No Man’s Sky can become repetitive; exploring new planets, discovering alien languages, and gathering resources eventually feel mundane and more task-like than exciting. While new planets can have different eco-systems and resources, the urge to explore them as much as the first few doesn’t last. Landing on every planet you see to claim/re-name them can feel like a chore after a while. It’s important to get out and explore new systems to see what else is out there to feel like the game is progressing. Some milestones do not progress as well as others; most units accrued milestone category doesn’t count the overall cumulative amount of units you trade/earn. Instead, the milestone increases regarding your current unit amount. This can feel like an unrealistic goal to reach as purchasing inventory upgrades and new multi-tools causes the next upgrade to cost more – the more you upgrade, the more it costs, making it difficult to progress through the game and hold the amount of money that allows for the milestone to increase. Additionally, some glitches can be encountered while playing; the extreme weather milestone no longer counting solar rotations while you’re on the planet can be discouraging to players trying to collect all milestones and trophies.
While there are several issues that can occur while playing No Man’s Sky, the worst offender is the online connection. During game play the online indicator will be a filled in green circle, but many times for no reason whatsoever it will disconnect and turn red. Imagine discovering a system, your internet is working perfectly and you name and upload planets you have discovered, only to find out that you were not connected to their online server and the uploads didn’t count. Then when it turns back on, the planets you have discovered now have different names and were discovered by another player. This was a major gameplay issue, considering that the core function of this game is to not only discover new worlds, but to show that you were the first to do so. The fact that there was constant connectivity issues on their end can make hours of gameplay and discovery feel like wasted time when another person’s username is posted on a world you were just on. This game crashes a lot –and that can become frustrating when you’re trying to discover a new world, the game crashes, then you have to try again from your previous save point; while there are several save points throughout the game, players shouldn’t feel completely reliant on them due in large part to the game crashing.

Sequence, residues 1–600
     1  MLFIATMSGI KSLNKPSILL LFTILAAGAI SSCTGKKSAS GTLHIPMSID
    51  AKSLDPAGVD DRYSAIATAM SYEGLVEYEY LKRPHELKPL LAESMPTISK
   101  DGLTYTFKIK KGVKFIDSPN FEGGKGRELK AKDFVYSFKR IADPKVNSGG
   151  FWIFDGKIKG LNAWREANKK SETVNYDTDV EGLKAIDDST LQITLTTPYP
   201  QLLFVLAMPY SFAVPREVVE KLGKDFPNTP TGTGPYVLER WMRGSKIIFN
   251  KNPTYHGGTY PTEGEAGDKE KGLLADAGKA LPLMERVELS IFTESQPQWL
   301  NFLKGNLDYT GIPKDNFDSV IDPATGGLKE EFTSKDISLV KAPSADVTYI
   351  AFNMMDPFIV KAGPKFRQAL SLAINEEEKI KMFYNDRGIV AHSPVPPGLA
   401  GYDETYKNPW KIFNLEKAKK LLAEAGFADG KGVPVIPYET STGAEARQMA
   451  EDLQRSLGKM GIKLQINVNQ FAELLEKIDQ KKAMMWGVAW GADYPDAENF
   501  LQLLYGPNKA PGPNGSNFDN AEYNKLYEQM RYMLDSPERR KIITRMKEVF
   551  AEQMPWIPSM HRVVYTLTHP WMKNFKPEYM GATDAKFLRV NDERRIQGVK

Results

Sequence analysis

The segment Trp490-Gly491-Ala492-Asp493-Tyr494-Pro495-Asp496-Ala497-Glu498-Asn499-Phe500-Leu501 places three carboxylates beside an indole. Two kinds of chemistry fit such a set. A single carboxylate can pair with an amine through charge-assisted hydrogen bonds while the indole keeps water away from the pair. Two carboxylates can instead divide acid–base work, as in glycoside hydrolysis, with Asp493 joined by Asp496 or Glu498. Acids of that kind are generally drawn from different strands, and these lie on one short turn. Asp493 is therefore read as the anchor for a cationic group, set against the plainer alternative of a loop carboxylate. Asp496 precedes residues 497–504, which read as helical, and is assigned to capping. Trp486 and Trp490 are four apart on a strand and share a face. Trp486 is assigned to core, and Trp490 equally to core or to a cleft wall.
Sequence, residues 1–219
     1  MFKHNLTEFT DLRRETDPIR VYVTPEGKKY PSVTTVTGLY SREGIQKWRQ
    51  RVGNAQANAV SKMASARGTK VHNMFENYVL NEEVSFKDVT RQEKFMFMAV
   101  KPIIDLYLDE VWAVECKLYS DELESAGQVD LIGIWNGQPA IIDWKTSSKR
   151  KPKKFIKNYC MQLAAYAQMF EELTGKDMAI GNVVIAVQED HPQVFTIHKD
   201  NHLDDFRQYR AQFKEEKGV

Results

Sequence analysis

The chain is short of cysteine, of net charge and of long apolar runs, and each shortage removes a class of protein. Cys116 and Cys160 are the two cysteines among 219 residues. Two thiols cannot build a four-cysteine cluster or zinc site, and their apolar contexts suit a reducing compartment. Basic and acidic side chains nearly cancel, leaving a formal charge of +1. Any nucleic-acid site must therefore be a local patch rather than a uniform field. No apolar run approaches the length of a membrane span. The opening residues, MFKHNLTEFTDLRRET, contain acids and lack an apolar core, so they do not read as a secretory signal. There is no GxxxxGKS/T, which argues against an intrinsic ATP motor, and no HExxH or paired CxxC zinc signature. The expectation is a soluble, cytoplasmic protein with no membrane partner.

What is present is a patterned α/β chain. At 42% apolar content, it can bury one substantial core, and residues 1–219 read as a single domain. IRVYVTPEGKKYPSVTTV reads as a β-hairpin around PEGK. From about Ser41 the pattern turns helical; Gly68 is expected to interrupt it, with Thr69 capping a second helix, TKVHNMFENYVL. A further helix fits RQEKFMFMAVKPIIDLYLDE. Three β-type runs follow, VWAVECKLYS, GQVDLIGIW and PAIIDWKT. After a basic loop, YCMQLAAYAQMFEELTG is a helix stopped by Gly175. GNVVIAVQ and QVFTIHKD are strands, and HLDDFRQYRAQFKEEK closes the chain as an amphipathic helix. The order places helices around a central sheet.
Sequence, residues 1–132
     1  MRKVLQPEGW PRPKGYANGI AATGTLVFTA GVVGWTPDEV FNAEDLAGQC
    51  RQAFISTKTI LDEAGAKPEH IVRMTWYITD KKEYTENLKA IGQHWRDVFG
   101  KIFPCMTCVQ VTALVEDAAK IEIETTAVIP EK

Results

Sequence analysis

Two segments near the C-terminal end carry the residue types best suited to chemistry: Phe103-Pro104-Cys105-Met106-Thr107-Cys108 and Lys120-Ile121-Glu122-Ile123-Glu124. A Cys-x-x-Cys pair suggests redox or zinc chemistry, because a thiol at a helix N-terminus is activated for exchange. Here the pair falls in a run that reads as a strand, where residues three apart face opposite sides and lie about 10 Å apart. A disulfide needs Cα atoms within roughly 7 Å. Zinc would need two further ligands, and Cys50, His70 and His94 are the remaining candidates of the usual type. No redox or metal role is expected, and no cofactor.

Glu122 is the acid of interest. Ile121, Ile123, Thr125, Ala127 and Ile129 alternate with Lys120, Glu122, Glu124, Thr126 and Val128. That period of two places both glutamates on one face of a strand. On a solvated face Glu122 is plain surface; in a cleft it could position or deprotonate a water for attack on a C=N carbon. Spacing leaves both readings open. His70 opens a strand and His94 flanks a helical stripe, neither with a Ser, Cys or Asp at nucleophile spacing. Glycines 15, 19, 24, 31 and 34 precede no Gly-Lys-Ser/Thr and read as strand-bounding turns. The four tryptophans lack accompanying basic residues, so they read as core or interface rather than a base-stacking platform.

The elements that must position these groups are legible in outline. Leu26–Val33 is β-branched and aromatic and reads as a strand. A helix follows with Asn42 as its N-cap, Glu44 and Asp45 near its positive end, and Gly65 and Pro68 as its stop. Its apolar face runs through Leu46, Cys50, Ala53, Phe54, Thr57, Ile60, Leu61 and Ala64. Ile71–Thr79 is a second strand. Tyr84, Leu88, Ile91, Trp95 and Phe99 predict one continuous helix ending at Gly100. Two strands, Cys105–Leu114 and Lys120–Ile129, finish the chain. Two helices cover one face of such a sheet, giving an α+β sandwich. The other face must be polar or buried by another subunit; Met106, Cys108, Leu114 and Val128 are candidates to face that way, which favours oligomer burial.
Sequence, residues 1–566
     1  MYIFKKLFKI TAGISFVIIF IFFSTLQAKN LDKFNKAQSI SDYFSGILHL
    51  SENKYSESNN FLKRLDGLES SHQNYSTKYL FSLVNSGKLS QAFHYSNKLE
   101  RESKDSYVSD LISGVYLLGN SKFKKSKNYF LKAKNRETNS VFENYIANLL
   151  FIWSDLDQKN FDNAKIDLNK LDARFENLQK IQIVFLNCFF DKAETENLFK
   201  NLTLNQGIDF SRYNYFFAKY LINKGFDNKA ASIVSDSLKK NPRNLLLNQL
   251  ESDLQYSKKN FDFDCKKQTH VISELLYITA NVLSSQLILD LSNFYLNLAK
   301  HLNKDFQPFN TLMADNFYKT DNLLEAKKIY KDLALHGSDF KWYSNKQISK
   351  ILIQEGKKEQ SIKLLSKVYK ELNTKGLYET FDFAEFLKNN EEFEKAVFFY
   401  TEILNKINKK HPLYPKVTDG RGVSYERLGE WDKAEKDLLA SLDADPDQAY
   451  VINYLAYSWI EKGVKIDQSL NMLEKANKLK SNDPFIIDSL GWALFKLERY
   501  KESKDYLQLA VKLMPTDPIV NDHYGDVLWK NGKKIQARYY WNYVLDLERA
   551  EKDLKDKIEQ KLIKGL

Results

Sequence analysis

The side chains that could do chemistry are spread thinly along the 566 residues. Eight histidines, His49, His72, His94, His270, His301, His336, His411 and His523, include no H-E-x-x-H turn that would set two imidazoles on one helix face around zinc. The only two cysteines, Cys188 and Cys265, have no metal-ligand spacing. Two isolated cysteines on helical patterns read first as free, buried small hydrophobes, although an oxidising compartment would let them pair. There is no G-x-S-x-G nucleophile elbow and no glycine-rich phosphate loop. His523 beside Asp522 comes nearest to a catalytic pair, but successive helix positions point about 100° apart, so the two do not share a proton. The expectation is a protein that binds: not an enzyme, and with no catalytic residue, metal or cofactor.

No Man’s Sky delivers an amazing exploration experience; planet to planet you will discover new and interesting creatures, plant life, resources, and aliens. Exploring the vast unknown while making your way towards the centre of the universe can feel repetitive at times, but it is unlikely that you won’t come across something new each time you visit a new solar system. Hello Games needs to work on the online connectivity issues and the amount of times the game crashes; while this is due in large part to the server strain, it takes away from the overall experience when players have to constantly re-start the game, or re-discover locations. There are a few features that need to be updated (upgrading individual ship inventory slots as an example), yet there is something to be said about a game that doesn’t spoon-feed its players. No Man’s Sky is a game that wants you to go out into the universe and figure out everything on your own, which can feel overwhelming and possibly alienating to others. For anyone who has ever had to figure out problems/obstacles for themselves in other games, or life in general, that feeling of accomplishment in No Man’s Sky allows players to know that they are making their way through the universe.
9/10 – Recognizing that this is the game that was promised, not the one hyped up beyond expectation, No Man’s Sky does everything it set out to do, even if you have to figure that out on your own. With a few issues that can largely be fixed with an update, this is a game you have to play to experience; watching live-streams, or your friends playing it only gives you a partial experience, like looking at a friend’s photographs from a vacation they took. You can see the fun had, but you didn’t experience it for yourself.